Ruminations: That time we gave up Lent…

Well now…it’s been a month since I posted. My goal of twice monthly does not seem to be happening as I hoped. However, given the imposed hibernation due to the CoVID19 pandemic, that might change.

Like many of you, I am working from home these days. At first, this was fun. I’m not at any loss for keeping busy online, but I really miss my faith community and compadres.

Like many of you, I’m feeling some anxiety about the “what’s next-ness” of this entire experience. Each night, I go to bed exhausted emotionally. I wake up and realize it’s Ground Hog Day, again. Same situation yet new awfulness.

Like many of you, I am waiting for the next shoe to drop. So many of our very active parishioners are elderly. Who will contract this illness? Who will die from it? How will we do those funerals justice? What about our families? Who will be directly affected by the sickness?

Like many of you, I feel the pinch of panic each time I hear of another set of services close down.

Like many of you, I worry about cash flow, job security, retirement funds, day to day and medical expenses.

And it is Lent. How do we practice prayer as we hoped to?

We cannot. That is the simple answer. It seems we need to set aside expectations on every level and live into this new moment. We are giving up Lent this Lent.

But maybe we can reimagine this season with our traditions of prayer, almsgiving and fasting:

  • We can always pray. That prayer time we never seem to get is actually falling right into our arms. Today I found time to journal, to breathe and to sit in quiet. Wow! That was lovely.
  • We can still give alms. Now is a great time to give electronically, to clean out our closets and drawers, to think about what someone else might be needing. It is a good time to divest and to consider how we spend and use for this is a time that will squeeze everyone.
  • We can still fast.  We have imposed upon us a fast from Lent gatherings, Fish Fries, communal prayer services and Sunday Eucharist. This fast feels harsh but might be cleansing as we creatively seek new ways to pray as community. It can also create within us a new hunger for celebrating, receiving and becoming Eucharist.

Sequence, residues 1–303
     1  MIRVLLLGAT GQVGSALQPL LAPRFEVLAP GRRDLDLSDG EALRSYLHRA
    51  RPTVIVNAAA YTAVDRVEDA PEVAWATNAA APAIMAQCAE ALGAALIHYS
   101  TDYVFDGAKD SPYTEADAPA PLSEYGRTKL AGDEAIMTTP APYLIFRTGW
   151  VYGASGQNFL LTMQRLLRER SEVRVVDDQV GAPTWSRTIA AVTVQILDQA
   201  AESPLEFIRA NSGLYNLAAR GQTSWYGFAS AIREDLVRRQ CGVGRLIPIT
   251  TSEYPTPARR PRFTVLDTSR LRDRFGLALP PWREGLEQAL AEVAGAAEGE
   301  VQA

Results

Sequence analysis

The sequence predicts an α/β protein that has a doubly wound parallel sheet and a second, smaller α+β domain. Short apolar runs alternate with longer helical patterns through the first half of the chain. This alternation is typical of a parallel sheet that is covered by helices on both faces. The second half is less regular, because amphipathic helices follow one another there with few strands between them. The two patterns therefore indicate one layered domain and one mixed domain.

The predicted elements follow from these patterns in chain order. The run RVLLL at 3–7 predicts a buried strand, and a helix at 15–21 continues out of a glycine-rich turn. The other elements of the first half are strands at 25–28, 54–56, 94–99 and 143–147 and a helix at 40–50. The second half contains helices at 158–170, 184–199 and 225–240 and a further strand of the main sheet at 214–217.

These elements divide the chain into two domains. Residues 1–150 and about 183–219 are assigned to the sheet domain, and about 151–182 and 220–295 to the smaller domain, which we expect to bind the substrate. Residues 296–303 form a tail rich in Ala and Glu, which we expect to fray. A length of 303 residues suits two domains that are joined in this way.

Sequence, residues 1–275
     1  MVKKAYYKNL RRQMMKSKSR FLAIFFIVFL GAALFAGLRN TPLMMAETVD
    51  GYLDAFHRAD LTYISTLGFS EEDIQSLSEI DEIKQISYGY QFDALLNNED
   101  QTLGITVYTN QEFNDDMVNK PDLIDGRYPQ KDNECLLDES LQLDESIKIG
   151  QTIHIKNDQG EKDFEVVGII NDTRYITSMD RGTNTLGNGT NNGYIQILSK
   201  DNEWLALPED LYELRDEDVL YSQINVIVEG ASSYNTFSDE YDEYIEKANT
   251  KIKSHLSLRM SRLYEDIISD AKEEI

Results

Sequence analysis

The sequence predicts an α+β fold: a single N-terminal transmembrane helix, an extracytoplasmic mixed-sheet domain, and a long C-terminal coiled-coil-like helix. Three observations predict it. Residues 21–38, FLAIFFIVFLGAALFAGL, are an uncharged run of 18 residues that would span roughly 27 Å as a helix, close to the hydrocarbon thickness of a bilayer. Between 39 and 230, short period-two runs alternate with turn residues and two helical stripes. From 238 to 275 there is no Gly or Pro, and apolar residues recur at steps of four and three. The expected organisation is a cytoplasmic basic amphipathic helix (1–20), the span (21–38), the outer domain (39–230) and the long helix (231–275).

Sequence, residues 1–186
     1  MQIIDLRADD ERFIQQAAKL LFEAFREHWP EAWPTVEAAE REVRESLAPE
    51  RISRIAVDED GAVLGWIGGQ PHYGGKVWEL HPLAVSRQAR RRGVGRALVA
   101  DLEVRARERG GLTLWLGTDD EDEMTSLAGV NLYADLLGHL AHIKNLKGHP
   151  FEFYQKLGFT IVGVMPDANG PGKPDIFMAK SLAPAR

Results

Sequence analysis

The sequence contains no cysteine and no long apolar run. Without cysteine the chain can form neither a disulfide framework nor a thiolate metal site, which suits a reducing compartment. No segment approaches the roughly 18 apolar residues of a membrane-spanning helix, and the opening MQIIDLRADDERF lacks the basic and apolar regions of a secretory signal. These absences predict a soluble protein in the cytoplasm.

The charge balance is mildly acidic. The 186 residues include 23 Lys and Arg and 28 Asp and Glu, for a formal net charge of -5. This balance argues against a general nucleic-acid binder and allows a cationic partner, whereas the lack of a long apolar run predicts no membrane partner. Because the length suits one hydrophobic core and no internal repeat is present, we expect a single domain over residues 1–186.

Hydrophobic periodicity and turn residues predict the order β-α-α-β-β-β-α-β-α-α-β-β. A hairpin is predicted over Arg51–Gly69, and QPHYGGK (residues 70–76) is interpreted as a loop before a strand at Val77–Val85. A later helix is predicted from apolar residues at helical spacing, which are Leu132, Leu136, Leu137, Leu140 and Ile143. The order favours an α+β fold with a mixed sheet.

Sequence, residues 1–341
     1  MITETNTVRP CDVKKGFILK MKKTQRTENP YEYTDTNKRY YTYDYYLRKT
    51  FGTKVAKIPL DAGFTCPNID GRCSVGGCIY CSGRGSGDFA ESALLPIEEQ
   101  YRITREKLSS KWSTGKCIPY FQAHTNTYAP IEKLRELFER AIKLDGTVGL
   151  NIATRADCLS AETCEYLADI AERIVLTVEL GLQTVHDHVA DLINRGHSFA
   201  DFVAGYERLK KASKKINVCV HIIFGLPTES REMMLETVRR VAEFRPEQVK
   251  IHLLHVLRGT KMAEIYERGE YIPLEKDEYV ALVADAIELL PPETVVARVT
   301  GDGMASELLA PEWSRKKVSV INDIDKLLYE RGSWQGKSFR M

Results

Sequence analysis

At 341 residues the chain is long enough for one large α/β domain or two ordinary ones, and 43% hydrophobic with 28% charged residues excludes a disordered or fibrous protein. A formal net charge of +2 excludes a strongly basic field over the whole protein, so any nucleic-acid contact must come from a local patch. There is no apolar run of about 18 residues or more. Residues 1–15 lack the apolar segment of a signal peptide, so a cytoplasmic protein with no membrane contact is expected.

And who knows? We may be fasting from Easter as well. Things are changing minute by minute. This is new territory for every person on this earth. Talk about a moment for solidarity!

Let us keep each other in thought and in prayer.

Be safe.

Be healthy.

My home prayer shrine

Posted by

I am a fabric artist and a professional minister in the Catholic Church. I am married for 40+ years to a most fabulous man. We have 4 adult children, 2 daughter-in-laws ( who we also consider to our children!) and 4 grandbabies. I love to weave, paint silk, sew and design garments for myself; bead, read, write and color. I am also a spiritual Companion/Director and have a special place in my soul for women who are healing and in need of healing from trauma and abuse. I love coffee, quiet reflective prayer time at my kitchen table and long walks to breathe in the Holy Spirit. I would like to learn how to spin yarn and will someday create a spun, hand dyed/painted, beaded, woven fabulous garment of peace!

10 thoughts on “Ruminations: That time we gave up Lent…

  1. I love this approach. We are trying to enjoy the calm as much as possible, grateful that we are all healthy. Stay safe!

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